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56 of 65 people found the following review helpful By Iljun Jang on May 13, 2000
Format: Hardcover
Mr. Breen's book is filled with insights about the Korean people. I recommend this book without any reservation to anyone interested in Korea and the Koreans, and I think that the two groups who will particularly appreciate this wonderful book are foreigners living in Korea, and expatriate Koreans living abroad. As a Korean who has spent quite a number of years abroad(England and Japan), I have always been weary of the many, many aspects of the Korean psyche and character which must seem strange to foreigners, but never quite been able to put a finger on it. This book not only achieves just that in flying colours with a mixture of vivid anecdotes and scrupulous research, but it also sheds some bright light on WHY we Koreans do what we do - be it "good" or "bad" in the eyes of foreigners. I should note that another gem about this book is that the author has sprinkled it with an abundant portion of English humour("English" here in the sense of "English weather"), and while reading some pages, I was rolling on the floor laughing with stitches. Highly, highly recommended for anyone with an interest in Korea.
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27 of 31 people found the following review helpful By C. Joan Villanueva on December 17, 2000
Format: Hardcover
I have lived in Korea for three years, and never read anything so vivid and insightful into the Korean society, history and culture. The author explains each point with countless examples to prove his point, in such articulate detail I can't imagine any book which explains Korea better. Michael Breen talks about Korea and the foreigner's love / hate relationship with the country, and how Korea tends regardless to captivate and interest foreigners, which I could directly relate to. In addition he explains the history in a fascinating and colorful chronicle, and gives a vivid description of what exactly has shaped the Korean mind and their attitudes towards outsiders. If someone was interested in Korea, this is the first book I would recommend.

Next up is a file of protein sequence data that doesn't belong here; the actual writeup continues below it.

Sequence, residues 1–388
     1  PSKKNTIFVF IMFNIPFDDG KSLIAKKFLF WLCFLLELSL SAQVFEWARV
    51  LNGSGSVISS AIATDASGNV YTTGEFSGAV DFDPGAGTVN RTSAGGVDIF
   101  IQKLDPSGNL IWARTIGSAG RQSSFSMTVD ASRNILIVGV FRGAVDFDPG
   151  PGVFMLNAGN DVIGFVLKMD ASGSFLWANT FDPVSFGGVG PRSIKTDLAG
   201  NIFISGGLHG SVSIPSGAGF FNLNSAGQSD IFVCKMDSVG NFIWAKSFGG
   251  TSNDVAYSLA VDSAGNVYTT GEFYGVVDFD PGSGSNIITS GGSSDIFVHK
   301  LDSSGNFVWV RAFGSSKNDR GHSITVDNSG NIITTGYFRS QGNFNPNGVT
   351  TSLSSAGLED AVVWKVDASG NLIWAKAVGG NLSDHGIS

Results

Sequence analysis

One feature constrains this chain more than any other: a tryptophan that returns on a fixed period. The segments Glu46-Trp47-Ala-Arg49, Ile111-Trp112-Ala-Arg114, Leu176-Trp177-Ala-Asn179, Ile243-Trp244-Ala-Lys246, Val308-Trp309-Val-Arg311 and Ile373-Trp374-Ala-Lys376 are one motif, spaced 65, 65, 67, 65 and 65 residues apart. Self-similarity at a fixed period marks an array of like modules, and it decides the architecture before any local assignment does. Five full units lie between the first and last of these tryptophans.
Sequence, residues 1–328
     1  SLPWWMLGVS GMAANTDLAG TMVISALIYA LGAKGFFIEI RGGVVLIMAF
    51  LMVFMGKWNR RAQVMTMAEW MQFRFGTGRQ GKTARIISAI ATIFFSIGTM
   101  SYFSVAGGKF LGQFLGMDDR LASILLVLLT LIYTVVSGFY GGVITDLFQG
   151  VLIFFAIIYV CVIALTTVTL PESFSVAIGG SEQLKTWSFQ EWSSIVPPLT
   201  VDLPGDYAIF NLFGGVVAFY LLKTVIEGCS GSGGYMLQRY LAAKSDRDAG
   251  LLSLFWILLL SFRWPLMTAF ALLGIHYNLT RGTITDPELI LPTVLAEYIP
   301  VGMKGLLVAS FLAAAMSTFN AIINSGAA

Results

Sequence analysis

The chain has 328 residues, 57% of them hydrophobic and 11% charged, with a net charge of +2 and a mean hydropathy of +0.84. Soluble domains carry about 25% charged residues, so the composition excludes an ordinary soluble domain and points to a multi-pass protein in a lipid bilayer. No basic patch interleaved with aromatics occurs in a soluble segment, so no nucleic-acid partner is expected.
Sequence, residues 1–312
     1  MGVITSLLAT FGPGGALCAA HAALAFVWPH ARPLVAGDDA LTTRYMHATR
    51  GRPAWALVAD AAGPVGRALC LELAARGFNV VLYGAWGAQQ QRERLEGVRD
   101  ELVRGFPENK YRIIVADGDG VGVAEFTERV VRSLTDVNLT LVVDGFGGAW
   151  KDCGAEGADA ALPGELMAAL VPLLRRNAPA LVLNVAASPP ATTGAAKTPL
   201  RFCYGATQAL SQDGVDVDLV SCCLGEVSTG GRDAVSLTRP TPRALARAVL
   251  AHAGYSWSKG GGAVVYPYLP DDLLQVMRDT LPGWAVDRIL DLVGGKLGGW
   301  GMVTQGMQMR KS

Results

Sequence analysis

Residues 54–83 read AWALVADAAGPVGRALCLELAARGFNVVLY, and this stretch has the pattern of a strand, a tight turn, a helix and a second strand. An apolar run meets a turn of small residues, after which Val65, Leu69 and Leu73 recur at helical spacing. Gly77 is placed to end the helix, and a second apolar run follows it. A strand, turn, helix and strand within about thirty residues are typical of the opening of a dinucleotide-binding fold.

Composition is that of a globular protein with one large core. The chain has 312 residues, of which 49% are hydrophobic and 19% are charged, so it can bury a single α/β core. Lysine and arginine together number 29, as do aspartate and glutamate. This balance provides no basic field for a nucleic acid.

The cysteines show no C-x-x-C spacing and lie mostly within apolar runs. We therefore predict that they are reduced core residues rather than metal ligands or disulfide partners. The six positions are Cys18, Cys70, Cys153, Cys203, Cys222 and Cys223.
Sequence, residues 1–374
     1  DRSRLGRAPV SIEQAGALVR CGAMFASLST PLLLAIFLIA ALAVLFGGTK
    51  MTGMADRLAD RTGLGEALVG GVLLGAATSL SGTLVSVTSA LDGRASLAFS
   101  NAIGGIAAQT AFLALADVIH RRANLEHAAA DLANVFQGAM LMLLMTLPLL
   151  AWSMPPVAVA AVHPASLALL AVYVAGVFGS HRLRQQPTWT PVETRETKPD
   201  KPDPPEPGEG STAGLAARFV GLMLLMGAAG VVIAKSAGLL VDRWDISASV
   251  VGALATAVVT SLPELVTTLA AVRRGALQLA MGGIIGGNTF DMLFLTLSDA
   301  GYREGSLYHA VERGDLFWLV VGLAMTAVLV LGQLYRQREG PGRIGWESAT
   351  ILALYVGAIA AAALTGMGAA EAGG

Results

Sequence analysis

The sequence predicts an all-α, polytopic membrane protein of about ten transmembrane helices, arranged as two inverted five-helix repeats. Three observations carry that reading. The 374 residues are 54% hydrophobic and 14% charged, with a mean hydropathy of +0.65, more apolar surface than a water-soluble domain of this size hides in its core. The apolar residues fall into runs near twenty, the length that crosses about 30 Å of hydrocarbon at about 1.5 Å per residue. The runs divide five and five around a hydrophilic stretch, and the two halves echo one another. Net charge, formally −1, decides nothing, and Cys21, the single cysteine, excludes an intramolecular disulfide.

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18 of 20 people found the following review helpful By Sir Edgar on September 5, 2011
Format: Paperback
I enjoyed reading this book and it had much interesting information about Korean people. But I couldn't help but feel that it was written by an "ethnocentric" (to be polite) British person who was stuck in the 80s and 90s. Much of the commentary is outdated and irrelevant. The author relies on personal anecdotes most of the time and while this might be entertaining and seem relevant to some (mostly English teachers who have lived in Korea for a couple of years), it just doesn't give a full and complete picture of Koreans. I kept thinking, "Well, let's also hear the Korean side of the story!"

Anyhow, you get a sense of negativity and condescension in the writing, leaving a somewhat bitter taste in the mouth. Much of the writing is full of contempt. It could have been a much better book with just 10% more positivity, research, understanding, and cultural sensitivity. Does the book have useful information about Koreans? Yes. Does it give you an idea of what Koreans are like? Yes. But does it also stereotype and generalize from the sole perspective of a biased Westerner? Yes.

Korea is one of the most rapidly changing societies in the world. A Korean person of the 80s and 90s is not the same Korean you see today. Breen takes an opportunity in the update at the end of the book to say that the modern Korean of the 21st century is a totally different species. It's almost like saying, "Everything I just said I take back! Here are the new Koreans!" Instead he could have benefited from portraying an overall picture of Koreans in changing times rather than fitting them all into one box.

Conclusion: My advice is to read the book, but with a grain of salt that it is dated to the 80s and 90s and over-generalizes.
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27 of 33 people found the following review helpful By Greg Linze on February 18, 2002
Format: Hardcover
The Koreans is a balanced reference work for people with a curiosity about modern Korea. It would probably make a good textbook for college students too. I lived in Pusan for one and a half years and there just aren't too many good books on Korea. The author's points are largely correct, but he sometimes exaggerates, maybe to support his case. Although the author's book jacket bio mentions that he used to write for the Unification Church-owned Washington Times, it makes no mention of his previously published biography of the Rev. Sun Myung Moon's early years. I don't know if Breen himself is a member of the Unification Church but the full text of his Moon book is posted on the church's official website under the heading, "Bibliography of Our Publications." Regardless of the author's affiliations, The Koreans is a fair treatment about a country not many people know about.